In Delhi, the rules allow the builder to give details of only those legal cases where courts have already given a deicision. He does not have to provide details of cases which are still on. This directly contradicts Section 4.2 (b) of RERA which essentially states that the builder needs to provide: “a brief detail of the projects launched by him, in the past five years, whether already completed or being developed, as the case may be, including the current status of the said projects, any delay in its completion, details of cases pending, details of type of land and payments pending.”
In the time to come more such dilutions will keep coming out. The trouble right now is that operational rules of all states are not available in English and hence, it’s difficult to get a pan India perspective.
So, the question is why are state governments diluting the implementation of the RERA? The simple answer lies in the fact that there is a nexus between the builders and the state governments. Currently, the regulations governing the real estate sector vary from state to state and are inherently complicated. Given this, anyone wanting to be even a marginally serious player in the real estate business, needs to be in the good books of local politicians. This also explains why there are no pan India real estate companies. Forget pan India, there are no real estate companies which operate through an entire state.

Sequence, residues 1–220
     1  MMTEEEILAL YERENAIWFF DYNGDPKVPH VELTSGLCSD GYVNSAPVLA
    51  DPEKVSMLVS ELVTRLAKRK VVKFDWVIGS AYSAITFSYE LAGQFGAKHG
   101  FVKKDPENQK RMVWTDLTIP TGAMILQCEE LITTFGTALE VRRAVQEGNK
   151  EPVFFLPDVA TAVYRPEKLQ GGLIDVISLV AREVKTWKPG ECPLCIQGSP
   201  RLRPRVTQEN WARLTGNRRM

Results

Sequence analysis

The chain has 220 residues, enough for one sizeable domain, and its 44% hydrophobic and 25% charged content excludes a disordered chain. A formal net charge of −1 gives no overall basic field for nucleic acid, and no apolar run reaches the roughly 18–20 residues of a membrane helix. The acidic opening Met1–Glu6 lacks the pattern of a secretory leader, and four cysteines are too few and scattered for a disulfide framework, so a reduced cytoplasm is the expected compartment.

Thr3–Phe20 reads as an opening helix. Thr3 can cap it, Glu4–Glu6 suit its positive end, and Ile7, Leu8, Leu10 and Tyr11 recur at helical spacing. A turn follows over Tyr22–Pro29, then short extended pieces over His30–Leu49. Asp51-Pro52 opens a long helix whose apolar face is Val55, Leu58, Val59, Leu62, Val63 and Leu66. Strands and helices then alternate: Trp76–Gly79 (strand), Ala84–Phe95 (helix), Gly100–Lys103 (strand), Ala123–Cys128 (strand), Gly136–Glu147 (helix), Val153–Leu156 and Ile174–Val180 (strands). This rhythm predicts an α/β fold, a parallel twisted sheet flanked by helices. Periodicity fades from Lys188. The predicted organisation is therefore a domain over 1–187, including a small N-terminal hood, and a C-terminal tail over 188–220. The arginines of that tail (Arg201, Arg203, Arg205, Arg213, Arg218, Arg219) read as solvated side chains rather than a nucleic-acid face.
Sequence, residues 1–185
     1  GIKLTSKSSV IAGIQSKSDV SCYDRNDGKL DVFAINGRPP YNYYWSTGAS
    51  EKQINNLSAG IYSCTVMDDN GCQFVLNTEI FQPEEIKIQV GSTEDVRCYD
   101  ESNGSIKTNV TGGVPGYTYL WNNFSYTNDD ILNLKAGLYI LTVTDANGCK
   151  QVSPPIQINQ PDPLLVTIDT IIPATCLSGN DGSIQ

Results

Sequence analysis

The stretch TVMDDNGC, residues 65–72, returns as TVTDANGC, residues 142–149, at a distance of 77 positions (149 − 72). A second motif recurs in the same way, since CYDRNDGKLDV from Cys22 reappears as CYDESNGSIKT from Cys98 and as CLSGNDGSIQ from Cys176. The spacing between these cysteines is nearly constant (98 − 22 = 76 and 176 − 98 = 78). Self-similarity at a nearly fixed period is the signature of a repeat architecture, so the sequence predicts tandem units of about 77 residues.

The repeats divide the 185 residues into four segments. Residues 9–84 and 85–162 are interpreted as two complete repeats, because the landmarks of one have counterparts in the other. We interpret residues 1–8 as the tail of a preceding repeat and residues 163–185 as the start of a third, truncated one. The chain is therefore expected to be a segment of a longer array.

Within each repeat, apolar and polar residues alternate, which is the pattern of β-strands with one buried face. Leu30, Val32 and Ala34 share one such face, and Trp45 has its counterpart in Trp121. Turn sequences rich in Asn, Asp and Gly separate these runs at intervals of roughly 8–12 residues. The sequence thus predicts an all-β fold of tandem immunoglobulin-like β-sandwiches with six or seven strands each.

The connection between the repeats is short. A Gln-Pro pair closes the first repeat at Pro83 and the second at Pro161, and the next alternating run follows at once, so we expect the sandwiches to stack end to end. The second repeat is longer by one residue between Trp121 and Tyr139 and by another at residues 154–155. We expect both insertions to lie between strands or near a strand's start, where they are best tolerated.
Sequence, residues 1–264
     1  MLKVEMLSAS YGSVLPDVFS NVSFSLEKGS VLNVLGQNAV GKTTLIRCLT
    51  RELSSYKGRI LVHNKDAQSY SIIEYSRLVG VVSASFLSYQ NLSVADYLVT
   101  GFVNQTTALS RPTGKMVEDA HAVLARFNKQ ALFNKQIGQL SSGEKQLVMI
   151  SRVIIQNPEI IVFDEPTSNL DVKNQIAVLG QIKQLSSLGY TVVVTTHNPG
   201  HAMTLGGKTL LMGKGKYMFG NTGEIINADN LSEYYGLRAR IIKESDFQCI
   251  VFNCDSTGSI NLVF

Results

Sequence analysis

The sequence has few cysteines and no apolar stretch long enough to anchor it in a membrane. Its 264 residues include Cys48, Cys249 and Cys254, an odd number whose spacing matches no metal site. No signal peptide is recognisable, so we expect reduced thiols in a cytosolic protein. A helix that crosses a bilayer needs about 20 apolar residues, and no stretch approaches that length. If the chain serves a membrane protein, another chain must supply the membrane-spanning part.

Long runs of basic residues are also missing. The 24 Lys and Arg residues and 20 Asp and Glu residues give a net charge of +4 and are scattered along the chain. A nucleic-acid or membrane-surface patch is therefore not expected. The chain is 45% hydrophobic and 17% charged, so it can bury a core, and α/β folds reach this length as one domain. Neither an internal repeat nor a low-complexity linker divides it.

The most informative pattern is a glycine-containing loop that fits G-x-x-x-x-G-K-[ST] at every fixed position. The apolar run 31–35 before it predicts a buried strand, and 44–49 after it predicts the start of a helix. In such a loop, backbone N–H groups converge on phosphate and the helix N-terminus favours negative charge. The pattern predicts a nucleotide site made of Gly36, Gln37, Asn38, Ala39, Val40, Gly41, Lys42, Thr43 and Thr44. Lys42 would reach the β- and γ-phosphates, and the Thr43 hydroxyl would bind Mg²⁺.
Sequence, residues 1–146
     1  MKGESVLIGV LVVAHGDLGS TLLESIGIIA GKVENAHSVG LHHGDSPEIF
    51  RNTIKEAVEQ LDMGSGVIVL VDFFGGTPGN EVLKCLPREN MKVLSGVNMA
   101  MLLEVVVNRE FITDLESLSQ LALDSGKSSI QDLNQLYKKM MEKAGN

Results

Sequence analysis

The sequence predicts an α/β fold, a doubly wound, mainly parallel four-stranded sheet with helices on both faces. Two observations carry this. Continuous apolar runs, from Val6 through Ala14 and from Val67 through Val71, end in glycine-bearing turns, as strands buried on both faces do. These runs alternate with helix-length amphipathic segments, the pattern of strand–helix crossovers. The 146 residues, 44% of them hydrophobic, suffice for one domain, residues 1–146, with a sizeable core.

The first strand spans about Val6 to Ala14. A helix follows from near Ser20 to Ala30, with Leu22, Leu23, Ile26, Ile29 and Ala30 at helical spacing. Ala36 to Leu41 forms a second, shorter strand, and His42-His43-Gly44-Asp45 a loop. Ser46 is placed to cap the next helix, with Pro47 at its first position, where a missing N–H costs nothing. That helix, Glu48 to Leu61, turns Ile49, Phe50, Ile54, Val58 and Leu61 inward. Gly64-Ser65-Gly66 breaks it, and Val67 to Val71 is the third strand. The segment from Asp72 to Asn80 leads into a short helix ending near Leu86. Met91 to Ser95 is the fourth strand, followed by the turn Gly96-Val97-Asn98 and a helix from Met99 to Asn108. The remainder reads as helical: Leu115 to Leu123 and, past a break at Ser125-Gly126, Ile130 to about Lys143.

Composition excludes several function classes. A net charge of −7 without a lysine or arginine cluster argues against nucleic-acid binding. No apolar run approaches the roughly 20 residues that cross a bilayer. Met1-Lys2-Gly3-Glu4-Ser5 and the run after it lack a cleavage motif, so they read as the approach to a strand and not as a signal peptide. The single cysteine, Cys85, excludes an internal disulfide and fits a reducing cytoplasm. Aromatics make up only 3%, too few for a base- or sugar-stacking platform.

The politicians also see real estate to be a cash cow which helps them generate money to fight elections as well as enrich themselves. This explains why regulations governing the sector continue to be complicated. In many states, the politicians are builders themselves though they have other individuals fronting for them. In such a scenario expecting the RERA to be implemented properly is nothing but day dreaming. For politicians, it makes sense if RERA is not implemented in letter and spirit. Given that politicians benefit from builders, a diluted RERA is their way of a quid pro quo.
If RERA has to be implemented properly the nexus between the politicians and the builders at the state level needs to be broken. And for that to happen, one of the first things that state governments need to do is get rid of change in land usage regulations that are currently in force. Only once this happens will things start to roll.
To conclude, Shubhankar Da may have been effective in 1942—A Love Story, RERA in its current form will become yet another regulation which won’t achieve much.
The column originally appeared on The Huffington Post on May 3, 2017